The findings start with a molecule called MHC Class I, a common molecule that coats the outside of human cells and functions a bit like a hand waving a flag. When MHC Class I molecules wave “flags” (actually bits of proteins), that are not from host tissue, the immune system recognizes the cell as foreign and attacks it. For this reason, most cancer cells downregulate MHC as a way of evading the immune system.

But the current study shows that the population of cancer cells able to initiate the formation of new tumors does not downregulate MHC Class I molecules. In fact, if anything this special population of cancer cells upregulates MHC Class I molecules.

“Probably, these cells have another way to evade the immune system,” says Mayumi Fujita, MD, PhD, investigator at CU Cancer Center and professor in the CU School of Medicine Departments of Dermatology and Immunology/Microbiology.

Oddly, this population of cancer cells that retains MHC Class I molecules also retains another feature of healthy cells, namely the presence of a protein called CDK1. CDK1 is a master regulator of the cell cycle – with CDK1, cells progress through the cycle of replication; without CDK1, they do not. In this case, the more CDK1, the more able melanoma cells were to initiate new tumors.

“Our next question was why,” Fujita says. “Why would CDK1 control not just the cell cycle, but also stem-ness?”

Finally, the answer includes something that is not “normal.” Sox2 is a transcription factor that helps embryonic and neural stem cells keep their stem-ness. It is also a known marker of cancer stem cells, implicated in the development of more than 25 forms of the disease. Despite its identification as a driver of cancer, Sox2 remains a difficult target.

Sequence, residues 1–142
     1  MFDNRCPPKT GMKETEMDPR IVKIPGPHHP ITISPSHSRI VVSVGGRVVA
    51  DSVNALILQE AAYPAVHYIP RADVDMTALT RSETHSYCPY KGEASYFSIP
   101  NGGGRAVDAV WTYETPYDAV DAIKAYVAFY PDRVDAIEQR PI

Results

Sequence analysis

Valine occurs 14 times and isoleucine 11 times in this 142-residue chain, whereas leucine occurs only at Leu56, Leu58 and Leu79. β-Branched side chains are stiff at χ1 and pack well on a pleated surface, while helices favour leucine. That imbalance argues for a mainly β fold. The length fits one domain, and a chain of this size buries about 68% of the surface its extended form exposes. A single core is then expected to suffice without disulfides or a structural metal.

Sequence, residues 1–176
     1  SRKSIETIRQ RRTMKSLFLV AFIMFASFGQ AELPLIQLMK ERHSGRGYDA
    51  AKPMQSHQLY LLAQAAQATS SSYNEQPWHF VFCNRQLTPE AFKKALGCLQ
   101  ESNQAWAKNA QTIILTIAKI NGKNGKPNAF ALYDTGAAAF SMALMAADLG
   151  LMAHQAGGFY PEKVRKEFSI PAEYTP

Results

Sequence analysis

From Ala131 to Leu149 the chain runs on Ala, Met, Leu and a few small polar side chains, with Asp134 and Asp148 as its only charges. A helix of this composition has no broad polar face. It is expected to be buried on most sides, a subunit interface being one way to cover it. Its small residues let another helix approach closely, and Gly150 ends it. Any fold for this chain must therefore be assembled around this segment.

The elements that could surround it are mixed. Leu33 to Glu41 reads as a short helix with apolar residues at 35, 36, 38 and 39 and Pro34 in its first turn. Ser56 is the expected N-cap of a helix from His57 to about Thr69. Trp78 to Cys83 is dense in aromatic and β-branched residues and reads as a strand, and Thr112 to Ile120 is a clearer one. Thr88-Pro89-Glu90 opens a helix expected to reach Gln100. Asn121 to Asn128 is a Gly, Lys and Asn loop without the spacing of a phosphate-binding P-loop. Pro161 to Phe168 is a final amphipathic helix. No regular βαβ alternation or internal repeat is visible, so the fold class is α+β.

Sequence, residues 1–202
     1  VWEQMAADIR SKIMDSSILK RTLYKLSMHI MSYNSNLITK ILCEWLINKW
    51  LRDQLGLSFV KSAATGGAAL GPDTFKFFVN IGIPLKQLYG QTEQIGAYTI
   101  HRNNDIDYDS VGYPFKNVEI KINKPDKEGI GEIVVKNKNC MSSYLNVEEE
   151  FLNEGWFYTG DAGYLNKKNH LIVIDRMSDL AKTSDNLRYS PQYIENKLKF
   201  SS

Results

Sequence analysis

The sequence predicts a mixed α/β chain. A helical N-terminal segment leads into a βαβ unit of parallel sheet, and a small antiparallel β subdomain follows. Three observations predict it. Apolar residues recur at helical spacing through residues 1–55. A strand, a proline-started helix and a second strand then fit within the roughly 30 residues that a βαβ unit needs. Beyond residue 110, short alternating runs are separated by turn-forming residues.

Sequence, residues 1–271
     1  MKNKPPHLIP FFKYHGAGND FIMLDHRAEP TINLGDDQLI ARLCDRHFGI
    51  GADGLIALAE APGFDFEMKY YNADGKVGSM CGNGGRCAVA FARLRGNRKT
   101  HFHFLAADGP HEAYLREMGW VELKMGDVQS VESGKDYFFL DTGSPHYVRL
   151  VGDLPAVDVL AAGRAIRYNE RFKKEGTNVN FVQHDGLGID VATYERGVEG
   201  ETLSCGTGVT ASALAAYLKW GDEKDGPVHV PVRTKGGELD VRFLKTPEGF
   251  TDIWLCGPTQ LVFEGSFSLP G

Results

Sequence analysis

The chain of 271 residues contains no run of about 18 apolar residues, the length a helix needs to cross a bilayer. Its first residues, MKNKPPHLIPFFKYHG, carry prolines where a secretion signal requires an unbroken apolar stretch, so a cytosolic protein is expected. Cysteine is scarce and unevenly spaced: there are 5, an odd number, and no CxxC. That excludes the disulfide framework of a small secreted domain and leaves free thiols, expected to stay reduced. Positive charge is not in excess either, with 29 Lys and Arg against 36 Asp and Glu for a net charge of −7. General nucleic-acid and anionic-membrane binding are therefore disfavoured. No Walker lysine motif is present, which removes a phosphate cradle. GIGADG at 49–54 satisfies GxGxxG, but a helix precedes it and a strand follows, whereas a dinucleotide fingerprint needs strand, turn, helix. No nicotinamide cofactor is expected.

“It’s very difficult to control a transcription factor like Sox2. We can show Sox2 is very important for tumorigenesis, but it’s difficult to have a Sox2 inhibitor,” Fujita says.

However, the current study found that CDK1 directly interacted with Sox2 to keep these cancer cells “stemmy.” And here is the important part: “If CDK1 controls Sox2 function through this interaction, probably we can someday inhibit it, maybe through some way of targeting CDK1 or perhaps some way to interfere with the interaction of CDK1 with Sox2,” Fujita says.

Importantly, this signature of MHC Class 1, CDK1 and Sox2 was common across melanoma, colon and pancreatic cancers, implying that cancer stem cells across cancer types may share common features.

“We can’t say that all tumor types have this signature, but it’s prevalent. We think probably this phenotype is very common in melanoma, pancreatic and colon cancer,” Fujita says.

Moving forward, the Fujita group hopes to further define the mechanism of Sox2 regulation via CDK1 in hopes of finding essential links that might be targets for new drugs aimed, eventually, at stopping the action of Sox2.

Source:

Cancer stem cells use “normal” genes in abnormal ways

Tagged with:

About author

Related Articles